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I’m one of those wanderlust folks who don’t stay too long in one place. Putting down roots for me is about a 5-7 years exercise though it has been less and it has been more . Usually house moves are within a district or postcode area but sometimes it has been countries and even continents. In a month or so I’ll be moving house again, within the same locale but to a place with no garden! Quelle Horreur. Admittedly it is a temporary jaunt into garden-less lands but it’s a good opportunity to take stock of the garden and whittle plants down to those I love and cannot be without.
This house is rented so it is a simple case of putting the garden back to what it was. A bare strip of tatty grass with black landscape fabric on one side border and monstrously overgrown shrubs on the other. Shouldn’t be too hard. I’ve dug, planted, fed, pruned and nurtured the space into a lovely garden full of foliage and exotic flowers from spring to late winter but that has to go. In the summer I took on a second allotment plot, idly planning a clear out of the garden and now it will be perfect for ‘heeling’ everything in for 12 months while the rest of life gets settled and a new garden is found to house them. Once the specimens are out it’s a simple case of raking over soil and scattering grass seed.
When I sold my London flat and it’s bijoux, plant packed garden a few years back I had to detail every plant and root I was taking on the contract. Laws are much stricter that they were and take a prized rarity, not on the list, at your peril. Plants in pots do not normally fall under this because clearly they are portable, never the less it’s wise to make a note of all containers that will be going, along with garden ornaments, bird tables to avoid misunderstandings later.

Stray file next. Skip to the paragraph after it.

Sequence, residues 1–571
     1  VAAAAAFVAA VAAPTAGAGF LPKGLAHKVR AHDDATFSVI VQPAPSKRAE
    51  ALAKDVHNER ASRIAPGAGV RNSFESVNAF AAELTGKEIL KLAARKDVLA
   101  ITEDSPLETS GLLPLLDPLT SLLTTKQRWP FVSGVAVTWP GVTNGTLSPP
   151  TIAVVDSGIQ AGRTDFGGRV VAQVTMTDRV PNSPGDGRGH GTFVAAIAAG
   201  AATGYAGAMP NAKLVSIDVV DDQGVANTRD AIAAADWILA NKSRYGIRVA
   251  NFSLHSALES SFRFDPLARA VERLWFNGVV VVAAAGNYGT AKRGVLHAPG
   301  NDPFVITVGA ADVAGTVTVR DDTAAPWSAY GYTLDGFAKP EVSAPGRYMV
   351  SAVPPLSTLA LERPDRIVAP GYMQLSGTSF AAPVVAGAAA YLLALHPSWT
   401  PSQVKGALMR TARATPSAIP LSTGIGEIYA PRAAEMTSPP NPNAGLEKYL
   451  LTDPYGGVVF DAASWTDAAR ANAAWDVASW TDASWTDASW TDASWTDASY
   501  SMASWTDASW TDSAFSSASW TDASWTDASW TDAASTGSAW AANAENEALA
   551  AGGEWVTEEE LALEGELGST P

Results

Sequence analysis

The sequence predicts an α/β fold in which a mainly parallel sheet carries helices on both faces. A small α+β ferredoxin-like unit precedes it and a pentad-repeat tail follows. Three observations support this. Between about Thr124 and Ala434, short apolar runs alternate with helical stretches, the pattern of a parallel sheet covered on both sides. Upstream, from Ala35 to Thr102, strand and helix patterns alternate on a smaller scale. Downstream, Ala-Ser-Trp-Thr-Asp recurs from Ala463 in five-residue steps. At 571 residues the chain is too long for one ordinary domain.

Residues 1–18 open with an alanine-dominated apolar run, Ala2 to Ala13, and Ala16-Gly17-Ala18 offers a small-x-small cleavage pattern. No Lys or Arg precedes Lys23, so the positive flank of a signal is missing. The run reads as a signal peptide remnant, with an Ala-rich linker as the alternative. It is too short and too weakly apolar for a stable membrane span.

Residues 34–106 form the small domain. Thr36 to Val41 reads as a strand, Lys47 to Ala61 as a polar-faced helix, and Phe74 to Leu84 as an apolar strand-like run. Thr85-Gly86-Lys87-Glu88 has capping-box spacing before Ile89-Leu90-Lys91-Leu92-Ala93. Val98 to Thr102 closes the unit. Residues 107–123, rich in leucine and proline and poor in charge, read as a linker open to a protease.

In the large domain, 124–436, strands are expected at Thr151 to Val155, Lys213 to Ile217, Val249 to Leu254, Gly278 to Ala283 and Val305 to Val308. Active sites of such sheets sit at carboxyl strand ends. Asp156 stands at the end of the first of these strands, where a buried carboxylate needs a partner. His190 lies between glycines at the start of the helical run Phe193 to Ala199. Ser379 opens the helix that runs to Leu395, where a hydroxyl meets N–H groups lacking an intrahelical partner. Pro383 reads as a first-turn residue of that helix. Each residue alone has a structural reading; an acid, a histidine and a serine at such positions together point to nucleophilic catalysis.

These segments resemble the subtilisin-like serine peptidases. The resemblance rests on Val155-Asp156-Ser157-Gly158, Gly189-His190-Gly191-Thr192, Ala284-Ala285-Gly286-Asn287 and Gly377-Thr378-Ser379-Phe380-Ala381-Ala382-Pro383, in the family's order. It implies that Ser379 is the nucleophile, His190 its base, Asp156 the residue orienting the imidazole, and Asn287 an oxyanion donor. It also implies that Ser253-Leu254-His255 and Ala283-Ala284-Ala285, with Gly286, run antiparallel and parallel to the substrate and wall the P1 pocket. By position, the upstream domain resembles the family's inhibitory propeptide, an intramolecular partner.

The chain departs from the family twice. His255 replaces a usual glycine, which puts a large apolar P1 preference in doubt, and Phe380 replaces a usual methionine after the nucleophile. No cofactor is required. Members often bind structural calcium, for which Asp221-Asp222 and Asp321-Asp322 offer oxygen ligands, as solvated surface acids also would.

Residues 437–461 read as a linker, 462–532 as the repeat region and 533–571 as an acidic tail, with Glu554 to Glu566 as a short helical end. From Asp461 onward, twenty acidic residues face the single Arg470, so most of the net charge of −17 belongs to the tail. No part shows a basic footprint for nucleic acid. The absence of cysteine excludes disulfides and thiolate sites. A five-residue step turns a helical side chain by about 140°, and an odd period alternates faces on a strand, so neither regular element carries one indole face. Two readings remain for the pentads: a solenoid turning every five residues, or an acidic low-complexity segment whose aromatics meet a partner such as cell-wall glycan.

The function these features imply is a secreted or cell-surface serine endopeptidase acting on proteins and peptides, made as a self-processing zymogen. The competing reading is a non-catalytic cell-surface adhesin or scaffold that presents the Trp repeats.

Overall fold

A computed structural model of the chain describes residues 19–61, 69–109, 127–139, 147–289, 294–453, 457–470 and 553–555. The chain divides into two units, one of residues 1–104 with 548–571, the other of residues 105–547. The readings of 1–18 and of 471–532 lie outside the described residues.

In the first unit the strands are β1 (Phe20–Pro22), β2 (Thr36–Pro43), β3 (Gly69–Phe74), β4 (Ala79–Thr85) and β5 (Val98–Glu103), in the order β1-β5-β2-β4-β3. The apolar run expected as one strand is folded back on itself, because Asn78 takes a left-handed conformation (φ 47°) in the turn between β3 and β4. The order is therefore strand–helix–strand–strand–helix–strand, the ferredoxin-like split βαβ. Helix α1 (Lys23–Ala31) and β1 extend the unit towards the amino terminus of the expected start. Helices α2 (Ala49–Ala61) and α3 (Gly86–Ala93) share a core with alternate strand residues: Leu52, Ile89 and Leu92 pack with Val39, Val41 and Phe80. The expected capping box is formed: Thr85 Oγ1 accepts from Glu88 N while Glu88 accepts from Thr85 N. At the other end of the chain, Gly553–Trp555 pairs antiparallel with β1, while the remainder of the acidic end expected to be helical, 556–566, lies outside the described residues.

Of course if you plan well in advance you can have a stash of cuttings and divisions stacked in a single pot size to ease the moving process all ready to be transported to a new home and planted in stunning new borders. Many will love the new environs, some won’t. Be prepared to find that a beloved plant loathes you’r new soil or aspect and turns up it’s toes in disgust. This has happened to me a few times and I’ve learn to take it on the chin. Best of all is to leave all but the most treasured plants behind and start from fresh. New house, new garden with all it;s inherent challenges. Be that a garden full of mature 1970’s conifers, a stunning designer plot full of stunning specimens or a field full of builders rubble. Each has it’s own charm.
For further advice on propagating your plants see the wonderful RHS book on propagating almost anything.
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